This isn't dangerous, but it is surely one of the most preposterous reptiles ever - Tanystropheus.
— Allen, about Tanystropheus

Tanystropheus (name meaning "Long Vertebra") is a genus of prolacertid marine reptile that originated during the Triassic period in what is now China and Europe. Measuring over 6 meters long, its most striking feature was its almost-impossibly long neck and tail that almost defied the laws of physics.


Era & DiscoveryEdit

Tanystropheus lived during the Triassic Period, 235-215 million years ago. It shared the waters with predators like Nothosaurus and Cymbospondylus. Tanystropheus was first discovered by Christian Erich Hermann von Meyer sometime in 1852.

Physical AttributesEdit

Measuring around 20 feet (6 m) long and surprisingly weighing only 300 pounds, Tanystropheus was a medium-sized, quadrupedal marine reptile. It had a small body with short legs. Most of its body comprised of its insanely long neck and tail. On the tip of its neck was a relatively small head with jaws lined with sharp teeth used to grip onto slippery fish.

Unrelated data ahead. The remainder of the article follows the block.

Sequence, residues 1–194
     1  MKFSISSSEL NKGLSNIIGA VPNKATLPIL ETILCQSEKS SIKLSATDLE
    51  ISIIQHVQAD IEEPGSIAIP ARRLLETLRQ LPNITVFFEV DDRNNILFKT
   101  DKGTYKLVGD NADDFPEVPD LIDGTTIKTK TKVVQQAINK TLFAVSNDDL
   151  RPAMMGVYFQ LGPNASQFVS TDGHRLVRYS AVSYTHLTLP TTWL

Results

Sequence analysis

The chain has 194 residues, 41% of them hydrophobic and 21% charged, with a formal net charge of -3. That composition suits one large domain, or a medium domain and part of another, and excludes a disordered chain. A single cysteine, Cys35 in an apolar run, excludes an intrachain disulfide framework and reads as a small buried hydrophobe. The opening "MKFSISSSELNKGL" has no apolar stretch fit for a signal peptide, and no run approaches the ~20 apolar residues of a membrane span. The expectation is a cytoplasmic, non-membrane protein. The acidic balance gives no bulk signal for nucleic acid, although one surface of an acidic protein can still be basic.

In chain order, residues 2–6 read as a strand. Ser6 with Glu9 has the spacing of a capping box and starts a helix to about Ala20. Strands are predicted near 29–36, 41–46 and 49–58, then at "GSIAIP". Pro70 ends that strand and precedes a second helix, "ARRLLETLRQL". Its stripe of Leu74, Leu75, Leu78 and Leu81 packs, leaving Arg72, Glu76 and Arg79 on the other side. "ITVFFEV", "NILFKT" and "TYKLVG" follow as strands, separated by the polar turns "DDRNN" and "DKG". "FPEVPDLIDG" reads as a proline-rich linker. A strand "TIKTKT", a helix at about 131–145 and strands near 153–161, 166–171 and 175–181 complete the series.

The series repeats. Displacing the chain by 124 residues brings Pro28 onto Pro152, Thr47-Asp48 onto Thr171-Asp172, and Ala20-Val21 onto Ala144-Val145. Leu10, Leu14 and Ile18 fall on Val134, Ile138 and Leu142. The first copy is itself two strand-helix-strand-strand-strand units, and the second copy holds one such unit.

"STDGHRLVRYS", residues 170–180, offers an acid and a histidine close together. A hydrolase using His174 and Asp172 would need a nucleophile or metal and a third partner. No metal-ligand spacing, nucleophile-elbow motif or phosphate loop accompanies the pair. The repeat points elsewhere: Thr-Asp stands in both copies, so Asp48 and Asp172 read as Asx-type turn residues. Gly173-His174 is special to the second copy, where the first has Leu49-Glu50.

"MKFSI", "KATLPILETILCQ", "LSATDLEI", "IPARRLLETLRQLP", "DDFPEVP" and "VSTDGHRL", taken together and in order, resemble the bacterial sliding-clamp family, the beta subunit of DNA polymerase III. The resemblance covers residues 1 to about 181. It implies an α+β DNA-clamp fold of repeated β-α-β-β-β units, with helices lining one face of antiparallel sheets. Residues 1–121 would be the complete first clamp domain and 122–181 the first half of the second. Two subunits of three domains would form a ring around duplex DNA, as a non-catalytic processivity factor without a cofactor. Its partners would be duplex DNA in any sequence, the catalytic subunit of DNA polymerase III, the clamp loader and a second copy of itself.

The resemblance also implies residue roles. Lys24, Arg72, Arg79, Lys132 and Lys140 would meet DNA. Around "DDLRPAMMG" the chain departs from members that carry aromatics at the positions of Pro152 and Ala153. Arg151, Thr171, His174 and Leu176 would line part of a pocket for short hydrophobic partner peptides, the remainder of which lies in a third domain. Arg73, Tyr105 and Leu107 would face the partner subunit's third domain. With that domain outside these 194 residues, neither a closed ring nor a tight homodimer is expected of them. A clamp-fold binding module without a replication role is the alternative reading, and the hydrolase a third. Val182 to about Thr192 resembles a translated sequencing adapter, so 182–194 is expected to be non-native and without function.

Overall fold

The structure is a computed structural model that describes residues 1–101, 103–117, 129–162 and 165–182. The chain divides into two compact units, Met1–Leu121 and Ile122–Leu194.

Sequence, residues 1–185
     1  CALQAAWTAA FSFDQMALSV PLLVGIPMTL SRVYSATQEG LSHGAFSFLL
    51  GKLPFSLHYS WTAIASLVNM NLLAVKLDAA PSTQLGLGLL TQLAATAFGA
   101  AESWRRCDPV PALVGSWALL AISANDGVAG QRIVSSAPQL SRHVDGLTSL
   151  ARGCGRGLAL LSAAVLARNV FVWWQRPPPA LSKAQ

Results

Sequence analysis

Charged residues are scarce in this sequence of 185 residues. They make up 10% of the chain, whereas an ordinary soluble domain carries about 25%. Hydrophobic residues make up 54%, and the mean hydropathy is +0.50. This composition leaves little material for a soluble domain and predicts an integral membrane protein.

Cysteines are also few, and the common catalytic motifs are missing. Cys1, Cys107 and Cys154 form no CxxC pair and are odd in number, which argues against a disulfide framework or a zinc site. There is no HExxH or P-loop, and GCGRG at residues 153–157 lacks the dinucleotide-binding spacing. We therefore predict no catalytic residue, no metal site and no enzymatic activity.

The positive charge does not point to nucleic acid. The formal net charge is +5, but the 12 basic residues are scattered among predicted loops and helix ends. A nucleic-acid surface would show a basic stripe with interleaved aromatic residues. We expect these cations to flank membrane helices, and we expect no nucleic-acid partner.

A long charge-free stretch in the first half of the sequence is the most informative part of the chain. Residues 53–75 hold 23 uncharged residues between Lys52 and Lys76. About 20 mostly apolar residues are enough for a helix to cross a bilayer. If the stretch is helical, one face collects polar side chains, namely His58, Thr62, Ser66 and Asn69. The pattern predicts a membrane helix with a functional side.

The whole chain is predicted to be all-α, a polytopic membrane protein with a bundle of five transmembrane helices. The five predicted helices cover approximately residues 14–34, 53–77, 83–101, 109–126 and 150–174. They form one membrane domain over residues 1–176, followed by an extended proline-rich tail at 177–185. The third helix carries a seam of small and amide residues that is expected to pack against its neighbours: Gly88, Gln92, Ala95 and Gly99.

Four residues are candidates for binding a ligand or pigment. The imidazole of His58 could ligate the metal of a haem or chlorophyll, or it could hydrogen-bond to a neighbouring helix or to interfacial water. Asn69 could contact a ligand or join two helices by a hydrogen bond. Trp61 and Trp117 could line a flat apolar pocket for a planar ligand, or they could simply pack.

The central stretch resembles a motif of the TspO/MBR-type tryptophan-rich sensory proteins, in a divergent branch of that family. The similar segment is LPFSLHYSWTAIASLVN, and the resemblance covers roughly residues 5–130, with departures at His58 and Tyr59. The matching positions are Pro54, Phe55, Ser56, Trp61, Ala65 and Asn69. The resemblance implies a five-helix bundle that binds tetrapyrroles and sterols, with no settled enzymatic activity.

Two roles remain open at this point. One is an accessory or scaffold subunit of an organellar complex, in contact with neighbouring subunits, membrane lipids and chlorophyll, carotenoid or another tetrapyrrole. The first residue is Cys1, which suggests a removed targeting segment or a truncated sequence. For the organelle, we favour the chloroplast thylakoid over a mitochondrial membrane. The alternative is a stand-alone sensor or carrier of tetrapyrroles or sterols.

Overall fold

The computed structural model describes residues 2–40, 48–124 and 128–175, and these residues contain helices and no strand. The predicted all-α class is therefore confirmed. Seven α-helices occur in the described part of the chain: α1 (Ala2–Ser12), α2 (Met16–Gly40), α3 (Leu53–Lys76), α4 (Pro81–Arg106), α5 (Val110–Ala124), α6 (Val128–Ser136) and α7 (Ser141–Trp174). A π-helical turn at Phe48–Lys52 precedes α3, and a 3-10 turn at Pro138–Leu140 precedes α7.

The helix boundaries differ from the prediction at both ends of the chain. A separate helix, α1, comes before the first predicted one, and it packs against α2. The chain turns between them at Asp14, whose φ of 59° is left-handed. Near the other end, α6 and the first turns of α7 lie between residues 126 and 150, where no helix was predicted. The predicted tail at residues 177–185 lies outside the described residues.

The neck of Tanystropheus was light blue whilst its body was green. Its tail had black and white stripes.

Behavior & Traits Edit

Tanystropheus is a solitary underwater hunter, getting together with others of its kind during mating season. It used its incredibly long neck to probe into fish shoals and catch prey. However, despite this useful technique, its long neck prohibited it from being a good swimmer.

Tanystropheus lived in shallow waters but came ashore too. On land, Tanystropheus ate insects and small reptiles. And they especially came on land to lay their eggs. In the water, it would gobble up fish and ammonites.

The tail of Tanystropheus was long and acted like that of modern lizards. If a predator caught it by the tail, the Tanystropheus can voluntarily drop its tail to create a diversion as it escapes. This was also useful for the predators as the tail could serve as a decent meal. Additionally, like lizards, Tanystropheus would grow the tail again.


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